Book 594: River Queens – Alexander Watson

Watson reached out to me about this way back in July of 2017, well ahead of publication. Unfortunately, due to an impossible work-life balance and other random crap I only just now got around to reading it.*

This memoir tells the tale of Watson and his partner, Dale, as they purchase, restore and then travel the rivers from Texas to Ohio by boat. It touches on family, friendship, urbanization, and a bit of politics.

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Book 538: Quakeland – Kathryn Miles

I wasn’t sure what to expect with this one when the publisher reached out to me about a few books way back in August of last year.* Quakeland caught my eye for the very reason any of those disaster movies (TwisterThe Day After TomorrowSan Andreas, Volcano, etc.) speak out to millions of people every year. We’re fascinated by the potential destruction and yet completely disbelieving that it could happen to us. Fun fact, it can and will at some point (maybe not the Volcano story line) but according to this and a lot of scientists earthquakes could!

The book started off a little slow after a powerful forward, but picked up pace the further I got into it, which was weird because the amount of science seemed to increase and I usually fall asleep when books get too technical.

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Books, The Classics Club

Book 299: The Grapes of Wrath – John Steinbeck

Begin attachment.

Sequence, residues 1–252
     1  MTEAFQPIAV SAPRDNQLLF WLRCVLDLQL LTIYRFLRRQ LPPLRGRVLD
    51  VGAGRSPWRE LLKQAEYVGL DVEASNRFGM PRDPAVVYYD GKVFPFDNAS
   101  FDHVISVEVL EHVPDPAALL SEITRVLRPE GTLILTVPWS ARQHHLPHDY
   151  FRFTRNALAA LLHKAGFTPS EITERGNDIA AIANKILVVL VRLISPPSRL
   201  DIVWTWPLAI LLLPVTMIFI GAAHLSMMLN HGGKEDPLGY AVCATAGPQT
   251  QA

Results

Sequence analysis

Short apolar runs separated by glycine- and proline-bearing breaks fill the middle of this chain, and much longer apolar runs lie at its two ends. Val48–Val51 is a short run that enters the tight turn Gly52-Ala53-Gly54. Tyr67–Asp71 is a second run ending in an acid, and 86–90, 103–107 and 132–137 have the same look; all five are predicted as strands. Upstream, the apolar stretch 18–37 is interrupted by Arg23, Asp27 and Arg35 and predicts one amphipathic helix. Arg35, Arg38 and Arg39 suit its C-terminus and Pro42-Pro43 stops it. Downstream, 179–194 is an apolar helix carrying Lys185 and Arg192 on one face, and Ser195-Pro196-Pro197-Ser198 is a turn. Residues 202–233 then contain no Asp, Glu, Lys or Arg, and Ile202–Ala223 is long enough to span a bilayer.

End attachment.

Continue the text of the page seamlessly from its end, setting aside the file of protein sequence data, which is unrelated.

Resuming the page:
Steinbeck, John - The Grapes of WrathI did it. I completed a John Steinbeck novel!

Honestly, I think even in high school I only partially read The Red Pony and The Pearl (or maybe I did actually read them, because they’re both novellas and pretty short), but the point is I finished a BIG one! In addition to it being a “full” Steinbeck novel, it counts toward both my Classic Club list (32/100) and as part of my 30 x 30 list!

I’ve always felt a little guilty at the lack of American authors on my read list and not having Steinbeck seems like a big omission. I’ve read many American authors, mostly before I started this blog, but Steinbeck is one of those which really is synonymous with America. He is America, a very specific swath and very specific time period of America, but he is America none-the-less.

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Book 60: Amerika (The Man Who Disappeared) – Franz Kafka

The American dream isn’t all it’s cracked up to be in this Franz Kafka novel.

As an introduction to Kafka I thought it was decently well written and had an interesting story line. I can only imagine the improvements of the work had Kafka finished the novel in his lifetime and had time to rewrite and edit the novel. As it is the novel has a few interesting quirks pointed out in the preface, like a bridge between Boston (whoop) and New York City, and what appear as the Rocky Mountains just outside of New York City (between NYC and Oklahoma). I’m definitely interested in reading more of Kafka. I have The Metamorphosis on my Kindle, so maybe I’ll get to it soon.

Without knowing how Kafka meant to end the book, one can only surmise on the lessons the novel appears to teach. From the hardship of his forced immigration to the US by his parents, to the abandonment by his uncle, and the indentured servitude to his friends, the protagonist, Karl Rossman has a tough time in America.

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